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You Need More Than A Will To Address All Of Your End Of Life Decisions

You Need More Than A Will To Address All Of Your End Of Life Decisions
May 18, 2021

Preparing a will is an excellent first step in the estate planning process. However, you need more than a will to cover all of your end of life decisions. There are many types of decisions and assets that must be addressed separately from a will to make sure they are handled according to your wishes. Below is a look at the shortcomings of a will and some of the legal documents that can help ensure that you are prepared for the future.

What are some important elements a will doesn't cover?

If you are overwhelmed by the prospect of preparing for end of life events, you are not alone. Only about 40 percent of American adults have a will. And, while having this important document in place may put you ahead of most Americans, a will alone will not ensure that all of your end of life wishes are met.  Here are some important elements that should be addressed separately from your will.

1) Health care directives / health care surrogate designation

The AARP states that, "Every adult should have an advance directive in which you explain the type of health care you do or do not want when you can't make your own decisions." Additionally, the group recommends that every adult should "appoint someone who can speak for you to make sure your wishes are carried out."  You will need special documentation outside your will to ensure that your wishes regarding your healthcare are carried out.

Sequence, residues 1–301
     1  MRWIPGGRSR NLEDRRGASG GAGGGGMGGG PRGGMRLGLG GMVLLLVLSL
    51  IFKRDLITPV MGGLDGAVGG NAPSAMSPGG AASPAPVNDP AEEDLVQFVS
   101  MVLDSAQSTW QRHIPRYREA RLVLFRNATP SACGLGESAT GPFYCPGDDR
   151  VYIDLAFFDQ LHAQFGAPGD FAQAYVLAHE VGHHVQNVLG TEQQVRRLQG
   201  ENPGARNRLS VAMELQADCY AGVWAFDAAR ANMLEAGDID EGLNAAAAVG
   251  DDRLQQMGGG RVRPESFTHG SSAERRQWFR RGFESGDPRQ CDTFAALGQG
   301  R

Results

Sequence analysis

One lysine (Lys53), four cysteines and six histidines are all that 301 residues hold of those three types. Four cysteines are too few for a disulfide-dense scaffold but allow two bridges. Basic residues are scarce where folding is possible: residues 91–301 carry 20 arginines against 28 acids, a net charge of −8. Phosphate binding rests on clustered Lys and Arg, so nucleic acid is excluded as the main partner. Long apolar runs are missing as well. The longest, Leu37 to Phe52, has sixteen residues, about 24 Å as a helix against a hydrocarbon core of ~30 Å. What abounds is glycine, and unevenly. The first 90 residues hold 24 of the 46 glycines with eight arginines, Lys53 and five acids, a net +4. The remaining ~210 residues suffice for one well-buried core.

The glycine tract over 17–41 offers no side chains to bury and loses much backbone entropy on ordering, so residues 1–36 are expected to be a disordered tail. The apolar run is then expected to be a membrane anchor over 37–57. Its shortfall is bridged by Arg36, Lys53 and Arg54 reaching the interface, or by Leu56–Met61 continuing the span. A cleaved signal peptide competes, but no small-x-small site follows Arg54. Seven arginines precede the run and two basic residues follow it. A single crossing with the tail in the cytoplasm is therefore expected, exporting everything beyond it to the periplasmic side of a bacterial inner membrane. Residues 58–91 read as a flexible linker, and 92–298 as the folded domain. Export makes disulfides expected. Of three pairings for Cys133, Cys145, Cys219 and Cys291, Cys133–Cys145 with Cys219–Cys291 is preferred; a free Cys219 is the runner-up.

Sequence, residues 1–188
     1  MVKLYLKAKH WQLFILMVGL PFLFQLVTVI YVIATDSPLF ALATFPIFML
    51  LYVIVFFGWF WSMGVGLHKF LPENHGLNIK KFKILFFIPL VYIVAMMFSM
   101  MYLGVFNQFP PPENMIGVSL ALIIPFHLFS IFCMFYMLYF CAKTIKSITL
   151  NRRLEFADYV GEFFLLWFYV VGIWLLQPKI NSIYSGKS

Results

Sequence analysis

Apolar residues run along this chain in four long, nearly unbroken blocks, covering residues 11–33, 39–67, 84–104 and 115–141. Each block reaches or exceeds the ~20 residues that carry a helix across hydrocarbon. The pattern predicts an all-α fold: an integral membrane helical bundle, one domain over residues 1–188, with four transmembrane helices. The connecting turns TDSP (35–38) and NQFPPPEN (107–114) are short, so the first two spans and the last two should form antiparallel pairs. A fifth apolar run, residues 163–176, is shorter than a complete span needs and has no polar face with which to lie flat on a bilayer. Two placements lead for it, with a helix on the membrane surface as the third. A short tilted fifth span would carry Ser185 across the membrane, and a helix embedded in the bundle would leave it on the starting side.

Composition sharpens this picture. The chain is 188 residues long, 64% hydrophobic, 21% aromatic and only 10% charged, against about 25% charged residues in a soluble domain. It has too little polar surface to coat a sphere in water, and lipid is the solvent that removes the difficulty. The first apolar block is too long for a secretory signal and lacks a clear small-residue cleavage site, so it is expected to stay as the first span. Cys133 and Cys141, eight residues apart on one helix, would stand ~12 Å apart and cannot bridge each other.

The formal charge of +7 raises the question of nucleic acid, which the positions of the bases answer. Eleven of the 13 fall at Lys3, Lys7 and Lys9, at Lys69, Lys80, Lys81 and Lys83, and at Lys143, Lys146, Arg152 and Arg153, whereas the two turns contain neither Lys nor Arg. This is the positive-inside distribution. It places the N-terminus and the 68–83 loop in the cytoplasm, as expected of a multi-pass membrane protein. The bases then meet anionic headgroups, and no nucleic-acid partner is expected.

2) Funeral instructions

While you can certainly outline your funeral service wishes and burial instructions in a will, it's important to know that wills are often not read until days or weeks after a person passes away. This means that any funeral instructions included in a will may not be viewed until long after the person's funeral arrangements are over.

In fact, its even better to preplan for your final expenses by either buying a funeral life-insurance policy or prepaying with your funeral home of choice. This is an expense that someone is going ot have to bear, might as well get it taken care of now.

3) Gifts to pets

If you are among the 56 percent of Florida residents own pets, you may not be surprised to learn that many pet owners leave special care instructions and gifts to their pets. However, Florida law does not recognize pets as property owners, so leaving gifts to them in your will do little to ensure they benefit from your generosity.

What other estate planning documents you should have on file?

Should you become incapacitated or pass away, your loved ones will want to do everything they can to respect your wishes and preferences. You can help make this process easier for them by making sure you have the following documents prepared and stored in a safe location:

1) An advance directive 

An advance directive is a legal document that describes how you would like decisions about your medical care to be made if a physical or mental health condition prevents you from making medical decisions on your own and you are essentially at the end of your life. Do you want the doctors to do everything they can to save you, even if its extremely painful and even if there is very little or no likelihood of you having any quality of life after? Or, if the doctors and your health care surrogate agree, would you prefer to be kept out of pain and let go. This is also referred to as a “living will.” 

2) A Florida Living Will